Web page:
The first female senior executive to ever hold a managing officer role with Toyota has resigned.
The uncharged Julie Hamp remains in custody in Japan after being accused of attempting to import Oxycodone from the United States. Japanese prosecutors have 20 days to charge Hamp. That window expires on July 8.
Toyota issued a statement today:
On June 30, 2015, Toyota Motor Corporation (TMC) received notification from Ms. Julie Hamp of her intent to resign her position of Managing Officer. TMC has accepted her resignation after considering the concerns and inconvenience that recent events have caused our stakeholders.
Senior Managing Officer Shigeru Hayakawa will act as Hamp’s interim replacement.
Proving the first Chinese cars to come to America will be imported by established brands, Volvo has a number of S60 sedans on the boat from China and they’re expected to arrive in about two months.
Manufacturing in China is just one part of Volvo’s plan to boost sales to 800,000 units annually before 2020.
While the eternal debate about whether Japan is or isn’t a closed market continues to rage onwards, the Nikkei reports that a new phenomenon is occurring in Japan: imported vehicles from domestic brands are starting to trickle in.
Aside from Infiniti sharing engines with Mercedes, the Daimler-Nissan joint venture will also lead to production of the next-gen CLA and an A-Class sedan at Nissan’s plant in Aguascalientes, Mexico.
Honda may have been the first OEM to bring Chinese-made cars to North America, but their Made-In-China Fit never arrived in the United States. Now, it looks like Volvo will be the first brand to import Chinese-made cars to America.
Opel is announcing that they will build a Buick model for North America in the “second half of the decade”.
Backed by Warren Buffet and his investment company Berkshire Hathaway, Inc.,Automotive News is reporting that Chinese automaker BYD plans to deliver four models to the United States in late 2015.
An obscure story in the Azerbaijani press this past summer may be the tip of a much larger iceberg involving General Motors, PSA Peugeot Citroen and the Western World’s current bete noir: the Iranian regime currently embroiled at the heart of a controversial nuclear program, which is subject to economic sanctions by the United States government, including those that specifically target Iran’s automotive industry.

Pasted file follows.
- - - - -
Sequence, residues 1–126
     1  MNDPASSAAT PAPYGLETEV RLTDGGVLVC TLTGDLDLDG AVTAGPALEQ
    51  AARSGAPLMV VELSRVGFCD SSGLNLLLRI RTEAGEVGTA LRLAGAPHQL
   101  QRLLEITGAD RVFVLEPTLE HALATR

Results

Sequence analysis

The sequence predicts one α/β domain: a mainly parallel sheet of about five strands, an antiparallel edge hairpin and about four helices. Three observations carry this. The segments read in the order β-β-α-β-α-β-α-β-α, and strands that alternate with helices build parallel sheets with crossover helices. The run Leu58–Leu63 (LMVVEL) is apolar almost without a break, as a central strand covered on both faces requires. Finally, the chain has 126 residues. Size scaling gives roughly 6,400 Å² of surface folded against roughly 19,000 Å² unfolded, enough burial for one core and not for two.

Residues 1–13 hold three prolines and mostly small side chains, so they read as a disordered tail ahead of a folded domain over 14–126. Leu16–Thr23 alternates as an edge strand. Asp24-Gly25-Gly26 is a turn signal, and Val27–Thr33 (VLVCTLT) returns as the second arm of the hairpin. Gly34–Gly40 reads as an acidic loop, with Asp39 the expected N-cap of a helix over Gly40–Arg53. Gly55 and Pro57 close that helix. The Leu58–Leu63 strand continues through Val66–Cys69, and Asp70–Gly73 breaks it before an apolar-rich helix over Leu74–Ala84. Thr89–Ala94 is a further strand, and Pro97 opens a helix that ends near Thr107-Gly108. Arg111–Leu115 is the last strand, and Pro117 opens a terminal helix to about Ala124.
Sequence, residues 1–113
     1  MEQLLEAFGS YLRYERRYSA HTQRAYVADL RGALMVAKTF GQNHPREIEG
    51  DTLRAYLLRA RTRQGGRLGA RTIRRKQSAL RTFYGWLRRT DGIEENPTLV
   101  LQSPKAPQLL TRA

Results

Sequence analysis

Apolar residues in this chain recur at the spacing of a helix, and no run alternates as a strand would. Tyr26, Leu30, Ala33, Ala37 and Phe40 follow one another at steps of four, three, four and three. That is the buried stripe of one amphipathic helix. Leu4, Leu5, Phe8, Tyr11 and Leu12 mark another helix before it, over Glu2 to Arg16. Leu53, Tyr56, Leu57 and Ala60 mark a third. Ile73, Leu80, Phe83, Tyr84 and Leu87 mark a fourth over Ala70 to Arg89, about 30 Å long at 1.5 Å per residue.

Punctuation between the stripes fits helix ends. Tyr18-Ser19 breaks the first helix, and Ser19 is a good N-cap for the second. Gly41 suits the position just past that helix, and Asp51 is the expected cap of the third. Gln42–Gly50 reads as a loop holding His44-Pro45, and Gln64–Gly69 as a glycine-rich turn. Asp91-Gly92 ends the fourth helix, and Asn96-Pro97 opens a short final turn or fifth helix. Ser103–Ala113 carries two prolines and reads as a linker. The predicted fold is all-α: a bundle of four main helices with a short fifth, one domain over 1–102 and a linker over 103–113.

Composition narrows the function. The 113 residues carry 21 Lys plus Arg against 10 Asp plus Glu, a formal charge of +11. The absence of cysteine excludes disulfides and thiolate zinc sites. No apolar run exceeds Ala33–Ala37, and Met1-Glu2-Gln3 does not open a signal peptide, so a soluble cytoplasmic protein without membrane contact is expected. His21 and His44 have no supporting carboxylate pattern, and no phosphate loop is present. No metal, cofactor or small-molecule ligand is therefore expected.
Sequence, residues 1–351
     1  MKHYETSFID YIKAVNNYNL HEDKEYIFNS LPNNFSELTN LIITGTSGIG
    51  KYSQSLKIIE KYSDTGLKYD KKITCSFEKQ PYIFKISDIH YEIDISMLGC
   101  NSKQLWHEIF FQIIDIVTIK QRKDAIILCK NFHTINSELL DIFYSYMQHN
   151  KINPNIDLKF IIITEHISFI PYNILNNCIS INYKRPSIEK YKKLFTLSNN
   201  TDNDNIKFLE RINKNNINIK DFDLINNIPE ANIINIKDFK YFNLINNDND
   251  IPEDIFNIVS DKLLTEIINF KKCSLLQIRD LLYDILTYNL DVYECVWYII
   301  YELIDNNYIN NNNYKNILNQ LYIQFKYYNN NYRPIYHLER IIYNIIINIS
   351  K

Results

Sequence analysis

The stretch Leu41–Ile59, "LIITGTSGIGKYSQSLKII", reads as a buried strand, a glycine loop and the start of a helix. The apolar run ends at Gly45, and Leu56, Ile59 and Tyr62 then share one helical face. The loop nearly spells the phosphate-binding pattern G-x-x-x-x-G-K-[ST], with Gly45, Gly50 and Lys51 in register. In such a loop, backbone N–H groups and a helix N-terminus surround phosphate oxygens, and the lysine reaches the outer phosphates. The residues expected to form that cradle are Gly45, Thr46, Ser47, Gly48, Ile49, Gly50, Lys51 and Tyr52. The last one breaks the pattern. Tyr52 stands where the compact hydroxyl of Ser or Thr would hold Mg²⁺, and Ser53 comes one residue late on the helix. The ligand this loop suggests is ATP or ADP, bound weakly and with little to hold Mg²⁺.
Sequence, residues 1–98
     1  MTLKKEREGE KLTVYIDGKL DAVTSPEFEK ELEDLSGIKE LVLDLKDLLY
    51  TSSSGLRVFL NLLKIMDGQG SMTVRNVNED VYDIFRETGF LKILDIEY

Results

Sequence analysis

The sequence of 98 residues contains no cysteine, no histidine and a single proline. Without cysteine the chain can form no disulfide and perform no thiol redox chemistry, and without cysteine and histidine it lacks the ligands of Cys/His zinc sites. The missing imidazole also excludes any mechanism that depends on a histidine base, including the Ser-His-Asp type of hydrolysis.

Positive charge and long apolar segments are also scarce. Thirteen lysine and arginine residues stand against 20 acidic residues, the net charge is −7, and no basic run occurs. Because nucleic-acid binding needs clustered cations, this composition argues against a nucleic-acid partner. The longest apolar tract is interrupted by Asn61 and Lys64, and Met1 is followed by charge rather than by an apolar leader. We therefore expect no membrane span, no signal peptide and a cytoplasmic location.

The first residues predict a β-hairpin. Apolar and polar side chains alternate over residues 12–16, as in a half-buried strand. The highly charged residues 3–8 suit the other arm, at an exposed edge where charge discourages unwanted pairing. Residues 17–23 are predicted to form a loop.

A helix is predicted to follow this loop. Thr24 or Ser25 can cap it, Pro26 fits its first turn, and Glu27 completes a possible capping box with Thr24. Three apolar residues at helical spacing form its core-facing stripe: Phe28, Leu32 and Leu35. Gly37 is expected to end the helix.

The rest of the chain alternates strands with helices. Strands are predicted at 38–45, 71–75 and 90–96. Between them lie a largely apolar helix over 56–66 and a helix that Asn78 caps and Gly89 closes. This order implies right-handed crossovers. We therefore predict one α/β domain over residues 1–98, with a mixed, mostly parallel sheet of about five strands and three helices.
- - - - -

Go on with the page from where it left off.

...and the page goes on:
Citing reports from Iran’s Mehr news agency, an Azerbaijani news outlet reported that an unspecified number of brand new Chevrolet Camaro RS 2LT convertibles were imported by a division of Iranian conglomerate Iran Khodro. According to the report, the Camaros were sent from Miami to Paris, and then from Paris to Tehran via a Qatar Airways plane. The report also states that US Customs and Border Patrol documents list the final destination as the Aras Free Trade and Industrial Zone.
Honda’s rear-driven products built for two tend to be motorcycles, scooters and ATVs for the most part, but every now and again the company will unveil a roadster whose name begins with an S, and ends with the number of cubic centimeters the engine provides.
Such a car is set to return soon to the showroom floor, and will make its debut at the Tokyo Motor Show in November: The Honda S660.
The big news this past week from Nissan: lots of old iron at Pebble Beach, concept car test drives for sympathetic journalists and a pledge to have autonomous cars ready (but not on sale) for 2020. More interesting than that is news of Nissan’s booming exports from America. Some say that this is the “new normal” – Japanese OEMs expanding their manufacturing base in America as they leave Japan en masse to both insulate themselves from a volatile yen, take advantage of America’s welcoming manufacturing climate and shed a reliance on Japan’s aging and declining population. And even more interesting than that is how it was presented.